Superb cheat’s kebabs

Pork Kebabs

Serves 4

  • 6 higher-welfare pork and leek sausages

  • 1 small bunch fresh rosemary, leaves removed apart from the end few

  • 1 small bunch fresh thyme, leaves picked

  • 1 good lug olive oil

  • ½ cucumber

  • 150 ml low-fat natural yoghurt

  • sea salt

  • freshly ground black pepper

  • juice of 1 lemon

Preheat a barbecue or griddle pan.



Remove the skins from the pork and leek sausages by slitting lengthways and peeling off. Mould each sausage around a stick of rosemary, almost squashing the meat on – try to leave finger marks.



Put a handful of the fresh thyme leaves in a pestle and mortar and pound a little, adding the olive oil. Roll the sausages in the thyme and oil, and whack them on the barbie or griddle pan for 10 minutes, turning occasionally until golden and cooked.



Grate the cucumber into a bowl, stir in the yoghurt and season with salt and pepper, and lemon juice. Drizzle this over your cooked kebabs and enjoy!

Nutritional Information

Superb cheat’s kebabs

Great for parties and kids love them

More Starters recipes >
0 foodies cooked this
There's no fiddling about here – whip up these sausage kebabs, then whack them on the barbecue!
Serves 4
20m
Super easy
Method



Preheat a barbecue or griddle pan.

Remove the skins from the pork and leek sausages by slitting lengthways and peeling off. Mould each sausage around a stick of rosemary, almost squashing the meat on – try to leave finger marks.

Put a handful of the fresh thyme leaves in a pestle and mortar and pound a little, adding the olive oil. Roll the sausages in the thyme and oil, and whack them on the barbie or griddle pan for 10 minutes, turning occasionally until golden and cooked.

Grate the cucumber into a bowl, stir in the yoghurt and season with salt and pepper, and lemon juice. Drizzle this over your cooked kebabs and enjoy!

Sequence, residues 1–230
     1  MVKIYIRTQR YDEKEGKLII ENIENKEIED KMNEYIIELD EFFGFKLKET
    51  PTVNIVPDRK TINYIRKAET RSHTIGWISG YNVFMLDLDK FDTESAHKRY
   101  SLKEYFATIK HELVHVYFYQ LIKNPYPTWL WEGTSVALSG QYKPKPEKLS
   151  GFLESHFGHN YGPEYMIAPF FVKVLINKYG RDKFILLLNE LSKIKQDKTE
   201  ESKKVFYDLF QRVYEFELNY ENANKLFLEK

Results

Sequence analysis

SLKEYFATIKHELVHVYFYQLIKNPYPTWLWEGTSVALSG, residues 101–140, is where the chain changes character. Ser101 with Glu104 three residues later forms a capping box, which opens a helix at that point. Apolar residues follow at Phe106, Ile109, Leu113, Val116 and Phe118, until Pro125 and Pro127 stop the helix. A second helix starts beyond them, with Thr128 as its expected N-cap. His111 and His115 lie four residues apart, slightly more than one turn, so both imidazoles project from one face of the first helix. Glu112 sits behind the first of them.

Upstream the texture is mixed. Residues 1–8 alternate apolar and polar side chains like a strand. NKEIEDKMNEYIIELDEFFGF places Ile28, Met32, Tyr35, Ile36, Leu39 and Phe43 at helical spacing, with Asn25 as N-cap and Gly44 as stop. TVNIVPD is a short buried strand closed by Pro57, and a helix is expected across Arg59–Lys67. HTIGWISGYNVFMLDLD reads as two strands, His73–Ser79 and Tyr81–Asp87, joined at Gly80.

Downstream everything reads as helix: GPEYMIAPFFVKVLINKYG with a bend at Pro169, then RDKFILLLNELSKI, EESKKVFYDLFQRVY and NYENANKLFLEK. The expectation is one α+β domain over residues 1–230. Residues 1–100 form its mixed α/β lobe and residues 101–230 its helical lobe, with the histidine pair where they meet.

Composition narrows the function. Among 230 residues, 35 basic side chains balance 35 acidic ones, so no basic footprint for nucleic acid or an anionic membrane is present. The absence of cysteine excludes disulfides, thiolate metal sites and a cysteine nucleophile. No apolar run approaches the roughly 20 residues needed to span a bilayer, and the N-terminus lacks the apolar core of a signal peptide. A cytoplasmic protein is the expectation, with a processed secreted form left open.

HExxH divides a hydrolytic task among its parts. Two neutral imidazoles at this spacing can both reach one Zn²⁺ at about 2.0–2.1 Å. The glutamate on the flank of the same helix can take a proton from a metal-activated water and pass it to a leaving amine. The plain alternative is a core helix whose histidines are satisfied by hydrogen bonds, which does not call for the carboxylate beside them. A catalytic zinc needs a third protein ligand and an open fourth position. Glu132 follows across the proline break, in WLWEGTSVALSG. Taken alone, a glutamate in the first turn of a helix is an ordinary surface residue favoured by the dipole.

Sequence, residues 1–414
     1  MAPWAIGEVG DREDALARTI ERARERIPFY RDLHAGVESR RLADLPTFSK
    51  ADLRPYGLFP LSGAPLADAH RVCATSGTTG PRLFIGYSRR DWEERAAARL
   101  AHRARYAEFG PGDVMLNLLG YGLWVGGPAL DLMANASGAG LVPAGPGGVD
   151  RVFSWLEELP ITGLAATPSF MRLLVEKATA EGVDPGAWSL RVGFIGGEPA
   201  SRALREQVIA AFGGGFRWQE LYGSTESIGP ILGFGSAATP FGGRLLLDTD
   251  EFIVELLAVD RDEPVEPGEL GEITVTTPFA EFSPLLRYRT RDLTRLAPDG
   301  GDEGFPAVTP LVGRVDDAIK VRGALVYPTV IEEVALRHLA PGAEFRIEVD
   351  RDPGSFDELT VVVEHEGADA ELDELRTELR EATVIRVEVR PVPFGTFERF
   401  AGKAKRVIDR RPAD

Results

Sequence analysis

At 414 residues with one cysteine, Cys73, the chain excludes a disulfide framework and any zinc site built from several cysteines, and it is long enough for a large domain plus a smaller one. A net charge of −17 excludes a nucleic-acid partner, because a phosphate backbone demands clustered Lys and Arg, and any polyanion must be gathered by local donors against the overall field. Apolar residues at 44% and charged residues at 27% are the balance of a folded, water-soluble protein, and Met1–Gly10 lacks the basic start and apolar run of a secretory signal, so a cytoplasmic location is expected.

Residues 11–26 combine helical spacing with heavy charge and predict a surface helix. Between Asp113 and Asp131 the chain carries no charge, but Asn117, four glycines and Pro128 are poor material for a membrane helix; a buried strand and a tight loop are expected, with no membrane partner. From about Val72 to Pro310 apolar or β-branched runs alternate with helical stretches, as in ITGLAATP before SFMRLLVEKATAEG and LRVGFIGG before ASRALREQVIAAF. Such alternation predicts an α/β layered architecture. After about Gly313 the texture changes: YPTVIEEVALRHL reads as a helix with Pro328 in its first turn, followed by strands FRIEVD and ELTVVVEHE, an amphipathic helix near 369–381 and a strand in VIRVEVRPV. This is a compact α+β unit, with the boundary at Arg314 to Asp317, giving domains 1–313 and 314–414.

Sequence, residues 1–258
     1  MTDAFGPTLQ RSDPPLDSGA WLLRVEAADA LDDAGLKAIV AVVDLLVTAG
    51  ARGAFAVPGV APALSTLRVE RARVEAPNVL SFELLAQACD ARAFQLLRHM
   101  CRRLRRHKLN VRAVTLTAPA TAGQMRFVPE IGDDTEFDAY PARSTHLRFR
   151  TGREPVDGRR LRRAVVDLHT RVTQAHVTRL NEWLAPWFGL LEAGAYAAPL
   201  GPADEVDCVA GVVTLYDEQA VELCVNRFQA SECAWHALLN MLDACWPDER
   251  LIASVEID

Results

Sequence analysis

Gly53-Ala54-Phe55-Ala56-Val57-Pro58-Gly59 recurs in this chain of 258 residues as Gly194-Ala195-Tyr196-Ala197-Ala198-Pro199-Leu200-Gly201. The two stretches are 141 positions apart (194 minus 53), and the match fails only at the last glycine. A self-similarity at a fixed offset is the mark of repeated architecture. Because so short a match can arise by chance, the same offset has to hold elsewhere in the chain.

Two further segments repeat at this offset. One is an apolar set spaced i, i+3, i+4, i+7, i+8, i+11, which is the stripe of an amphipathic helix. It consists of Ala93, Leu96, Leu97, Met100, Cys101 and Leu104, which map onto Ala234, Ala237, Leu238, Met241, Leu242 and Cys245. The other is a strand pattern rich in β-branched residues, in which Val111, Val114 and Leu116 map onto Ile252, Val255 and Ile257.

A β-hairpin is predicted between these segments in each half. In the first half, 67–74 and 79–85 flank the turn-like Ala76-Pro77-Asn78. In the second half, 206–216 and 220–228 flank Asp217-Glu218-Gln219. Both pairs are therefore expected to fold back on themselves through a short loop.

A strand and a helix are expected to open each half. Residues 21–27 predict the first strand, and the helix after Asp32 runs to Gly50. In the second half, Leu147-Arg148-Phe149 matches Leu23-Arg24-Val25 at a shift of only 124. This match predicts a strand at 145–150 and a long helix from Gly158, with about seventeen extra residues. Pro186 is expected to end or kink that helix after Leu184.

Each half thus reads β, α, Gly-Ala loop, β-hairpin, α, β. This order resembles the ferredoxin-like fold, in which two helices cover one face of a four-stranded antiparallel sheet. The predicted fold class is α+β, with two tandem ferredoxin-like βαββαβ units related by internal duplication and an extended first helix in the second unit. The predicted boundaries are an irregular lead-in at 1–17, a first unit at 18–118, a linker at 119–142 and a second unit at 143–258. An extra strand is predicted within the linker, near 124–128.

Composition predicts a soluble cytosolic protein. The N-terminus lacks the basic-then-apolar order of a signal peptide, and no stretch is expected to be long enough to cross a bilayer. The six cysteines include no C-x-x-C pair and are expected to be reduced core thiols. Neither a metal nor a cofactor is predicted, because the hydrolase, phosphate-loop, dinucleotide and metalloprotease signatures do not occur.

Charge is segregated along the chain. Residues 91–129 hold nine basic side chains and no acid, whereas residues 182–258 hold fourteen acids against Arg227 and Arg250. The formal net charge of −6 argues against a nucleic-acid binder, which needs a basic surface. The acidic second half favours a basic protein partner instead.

Nutritional Information Amount per serving:

Calories

Calories are just a unit of energy. If you eat more than you use you can gain weight, or lose it if you don't eat enough. How much you need depends on your weight, gender and how active you are, but it's around 2,000 a day.

Carbs

Carbs are a great source of energy and, excluding foods such as potatoes, are made from grains - like bread, pasta and cereal. We all need carbs, but try to make them all wholegrain by sticking to brown bread, rice and pasta - they are much more nutritious.

Sugar

We all deserve a treat sometimes, but try to limit your sugar intake. Most of your sugar should come from raw fruit and milk, because they give us lots of nutrients too. Always check food labels so you know how much sugar you're eating.

Fat

We all need to eat a small amount of fat because it protects our organs and helps us grow. But we need to be careful about how much fat we eat and what kinds of fat, because in higher levels it's associated with weight gain, diabetes, cancer and heart disease.

Saturates

Saturated or "bad fats" are in beef, pork, chicken skin, butter, cream and cheese. Too much can be bad for our heart and cholesterol levels, but unsaturated or "good fats" in fish, nuts, avocados and some oils can help keep our hearts healthy if eaten in moderation.

Protein

Protein helps our muscles to grow and repair, as well as providing you with essential amino acids. When it comes to protein, try to eat leaner sources such as chicken and fish or non-meat sources such as eggs, dairy, beans, nuts, seeds, tofu and pulses.
  • Calories 255
    13%
  • Carbs 4.5g
    2%
  • Sugar 3.7g 4%
  • Fat 24.7g 35%
  • Saturates 7.0g 35%
  • Protein 13.4g 30%
Of an adult's reference intake

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BUYING SUSTAINABLY SOURCED FISH

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Buying sustainably sourced fish means buying fish that has been caught without endangering the levels of fish stocks and with the protection of the environment in mind. Wild fish caught in areas where stocks are plentiful are sustainably sourced, as are farmed fish that are reared on farms proven to cause no harm to surrounding seas and shores.

When buying either wild or farmed fish, ask whether it is sustainably sourced. If you're unable to obtain this information, don't be afraid to shop elsewhere – only by shopping sustainably can we be sure that the fantastic selection of fish we enjoy today will be around for future generations.

For further information about sustainably sourced fish, please refer to the useful links below:

Marine Stewardship Council
http://www.msc.org/

Fish Online
http://www.fishonline.org

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